dev-lang/tcl

Now you can refer to that list of package like:

emerge --ask --update --deep @my-scripting-set

It may be prudent to prefix your sets so they don’t conflict with any other packages.

How to really clean up your system

By now you’ve probably seen the light, but I’m going to share one of my favorite uses so far to drive the point home. Say you’ve let your system go for a while, and you’ve accumulated some packages. Maybe you’ve switched from Gnome to KDE or maybe all the way to xmonad; regardless there is cruft to be removed. Here’s how you clean that stuff the Right Way:

  1. Update your gentoolkit and portage
  2. equery for some packages to remove and save the list:

    equery list kde-*/* > ~/kde_installed_packages_12122010

  3. Review the result and format properly. equery gives specific versions by defaults, so we’re just gonna throw ‘=’ in front of every line to make them valid package atoms. We’ll use sed:

    sed ':a;N;$!ba;s/\n/\n=/g' ~/my-kde-set

    You’ll have to manually add one more equal sign for the first line, but that should work.

  4. Review the result and move the file into place:

    mv ~/my-kde-set /etc/portage/sets/

  5. Depclean and unmerge:

    emerge --depclean --ask --verbose @my-kde-set

Ah, so fresh and so clean. You should move the set file out of the /etc/portage/sets directory now.

Conclusion

Sets fill a much-lamented (by me) gap in portage. They add organizational power without removing fine-grained control, without which Gentoo would not be Gentoo. My only concern is
Why did this take so long? Given that this is basically how ‘world’ has always worked and we’re well into version 2, we should have had this ages ago. Also, sets are really not that complex or tailored to package management, I wonder if archlinux or some other distro has solved this better. Of course, I’ve only scratched the surface, and there’s a lot more you can do with sets, it seems. For a good starting point, you can do a search on sets.conf.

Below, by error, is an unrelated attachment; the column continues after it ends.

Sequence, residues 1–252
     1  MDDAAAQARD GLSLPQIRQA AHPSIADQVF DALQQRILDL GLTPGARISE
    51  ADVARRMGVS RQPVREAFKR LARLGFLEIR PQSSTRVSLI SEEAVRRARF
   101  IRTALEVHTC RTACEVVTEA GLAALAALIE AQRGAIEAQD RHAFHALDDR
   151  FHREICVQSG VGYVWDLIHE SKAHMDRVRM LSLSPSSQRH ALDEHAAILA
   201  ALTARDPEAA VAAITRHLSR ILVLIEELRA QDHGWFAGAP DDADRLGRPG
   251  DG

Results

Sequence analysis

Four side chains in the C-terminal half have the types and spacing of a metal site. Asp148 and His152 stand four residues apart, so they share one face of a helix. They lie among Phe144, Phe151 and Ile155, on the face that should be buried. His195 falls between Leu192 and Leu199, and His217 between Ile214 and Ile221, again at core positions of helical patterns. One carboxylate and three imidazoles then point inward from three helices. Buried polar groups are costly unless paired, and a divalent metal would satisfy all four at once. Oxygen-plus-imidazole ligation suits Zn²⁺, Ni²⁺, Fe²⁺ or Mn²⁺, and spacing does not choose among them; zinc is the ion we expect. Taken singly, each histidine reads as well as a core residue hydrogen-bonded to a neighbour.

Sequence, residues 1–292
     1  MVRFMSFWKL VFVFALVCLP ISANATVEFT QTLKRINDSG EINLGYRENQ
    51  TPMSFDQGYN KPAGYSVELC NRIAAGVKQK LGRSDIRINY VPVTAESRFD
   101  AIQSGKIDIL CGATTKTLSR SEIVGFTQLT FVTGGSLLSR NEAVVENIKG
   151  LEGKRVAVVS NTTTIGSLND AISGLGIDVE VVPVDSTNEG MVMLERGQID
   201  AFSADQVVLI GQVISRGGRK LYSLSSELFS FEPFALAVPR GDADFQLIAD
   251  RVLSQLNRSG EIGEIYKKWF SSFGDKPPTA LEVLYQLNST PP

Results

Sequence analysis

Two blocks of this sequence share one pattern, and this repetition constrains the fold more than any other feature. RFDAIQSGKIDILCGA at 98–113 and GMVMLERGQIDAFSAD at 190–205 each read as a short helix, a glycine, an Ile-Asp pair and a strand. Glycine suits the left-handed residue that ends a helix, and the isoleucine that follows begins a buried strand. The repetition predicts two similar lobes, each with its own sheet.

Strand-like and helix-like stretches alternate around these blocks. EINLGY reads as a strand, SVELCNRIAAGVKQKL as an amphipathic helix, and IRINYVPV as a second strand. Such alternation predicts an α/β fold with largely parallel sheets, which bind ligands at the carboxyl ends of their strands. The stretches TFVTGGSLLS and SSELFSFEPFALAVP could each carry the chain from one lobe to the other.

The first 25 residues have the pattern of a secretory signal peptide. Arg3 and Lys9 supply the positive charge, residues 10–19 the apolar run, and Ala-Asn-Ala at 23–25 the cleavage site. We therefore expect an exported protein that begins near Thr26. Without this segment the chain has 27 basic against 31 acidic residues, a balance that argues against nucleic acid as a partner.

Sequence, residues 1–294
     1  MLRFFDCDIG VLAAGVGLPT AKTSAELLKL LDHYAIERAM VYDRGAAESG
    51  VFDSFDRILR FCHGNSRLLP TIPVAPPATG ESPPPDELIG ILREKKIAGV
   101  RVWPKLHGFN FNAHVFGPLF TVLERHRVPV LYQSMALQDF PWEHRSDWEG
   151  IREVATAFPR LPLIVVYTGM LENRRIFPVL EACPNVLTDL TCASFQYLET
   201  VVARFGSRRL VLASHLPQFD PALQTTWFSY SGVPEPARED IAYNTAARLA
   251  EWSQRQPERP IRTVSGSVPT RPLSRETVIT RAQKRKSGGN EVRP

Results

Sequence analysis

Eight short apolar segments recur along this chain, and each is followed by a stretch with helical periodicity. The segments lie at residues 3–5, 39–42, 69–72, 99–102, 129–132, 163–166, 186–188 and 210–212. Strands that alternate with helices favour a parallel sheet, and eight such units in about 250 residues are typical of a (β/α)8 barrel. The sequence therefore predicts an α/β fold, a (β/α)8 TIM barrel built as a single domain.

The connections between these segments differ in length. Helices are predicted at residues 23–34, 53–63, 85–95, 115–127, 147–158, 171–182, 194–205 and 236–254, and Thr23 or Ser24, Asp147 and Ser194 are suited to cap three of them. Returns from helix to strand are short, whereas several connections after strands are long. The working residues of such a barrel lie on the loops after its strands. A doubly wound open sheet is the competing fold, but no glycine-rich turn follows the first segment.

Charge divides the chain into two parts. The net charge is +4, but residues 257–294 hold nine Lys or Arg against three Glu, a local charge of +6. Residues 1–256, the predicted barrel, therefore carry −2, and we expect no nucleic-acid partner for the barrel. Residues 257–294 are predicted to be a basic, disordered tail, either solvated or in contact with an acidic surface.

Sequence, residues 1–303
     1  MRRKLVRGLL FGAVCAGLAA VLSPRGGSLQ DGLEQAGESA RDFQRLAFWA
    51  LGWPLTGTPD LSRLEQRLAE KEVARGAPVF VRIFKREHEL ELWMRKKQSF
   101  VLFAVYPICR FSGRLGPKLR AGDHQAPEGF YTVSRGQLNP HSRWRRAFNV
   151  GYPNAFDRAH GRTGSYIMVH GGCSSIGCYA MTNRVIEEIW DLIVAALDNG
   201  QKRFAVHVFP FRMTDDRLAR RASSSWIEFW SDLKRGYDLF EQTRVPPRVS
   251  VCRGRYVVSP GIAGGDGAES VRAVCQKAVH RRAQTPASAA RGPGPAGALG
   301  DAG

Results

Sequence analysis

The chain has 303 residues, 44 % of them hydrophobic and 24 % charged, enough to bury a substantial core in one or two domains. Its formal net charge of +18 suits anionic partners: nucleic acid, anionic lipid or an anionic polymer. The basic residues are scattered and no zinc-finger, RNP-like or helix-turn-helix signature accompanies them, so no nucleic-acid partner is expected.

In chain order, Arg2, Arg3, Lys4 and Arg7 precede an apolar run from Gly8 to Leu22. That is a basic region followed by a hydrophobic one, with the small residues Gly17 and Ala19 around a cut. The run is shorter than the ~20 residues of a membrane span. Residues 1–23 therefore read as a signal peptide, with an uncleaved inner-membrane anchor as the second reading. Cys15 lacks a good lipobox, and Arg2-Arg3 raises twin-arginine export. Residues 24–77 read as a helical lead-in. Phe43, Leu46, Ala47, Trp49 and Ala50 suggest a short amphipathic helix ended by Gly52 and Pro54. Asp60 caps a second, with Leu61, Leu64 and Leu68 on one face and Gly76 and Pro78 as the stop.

P.S. The screenshot above was brought to you by ImageMagick:

import -window root ~/screenshot.png


About these ads

4 responses to “Gentoo Love: Intro to Portage Sets

  1. I don’t see any mention of ~amd64. Is that covered under being adventurous? I think the real lesson here is that if you’re thinking about doing crazy things with portage you should listen to a few stories about KDE on Oyama and then see if you still think it’s a good idea.

  2. Oh, I mentioned the tilde keywords. That was a phrase I coined for ~* (including ~amd64 of course).

    The story is this: I was a few months into using Gentoo, I wanted the newest compiz and KDE stuff, there were SO MANY PACKAGES and I didn’t want to unmask them manually and autounmask wasn’t doing its job, so I switched to ~amd64.

    Now you know.

  3. Pingback: gentoo portage tips - 11 emerge tips (sets, nice level, load, & jobs)

  4. sed ‘:a;N;$!ba;s/\n/\n=/g’ ~/my-kde-set ? What for?
    What the problem to use this:
    sed ‘s/^/=/g’ ~/my-kde-set
    ?

Leave a Reply

Fill in your details below or click an icon to log in:

WordPress.com Logo

You are commenting using your WordPress.com account. Log Out / Change )

Twitter picture

You are commenting using your Twitter account. Log Out / Change )

Facebook photo

You are commenting using your Facebook account. Log Out / Change )

Google+ photo

You are commenting using your Google+ account. Log Out / Change )

Connecting to %s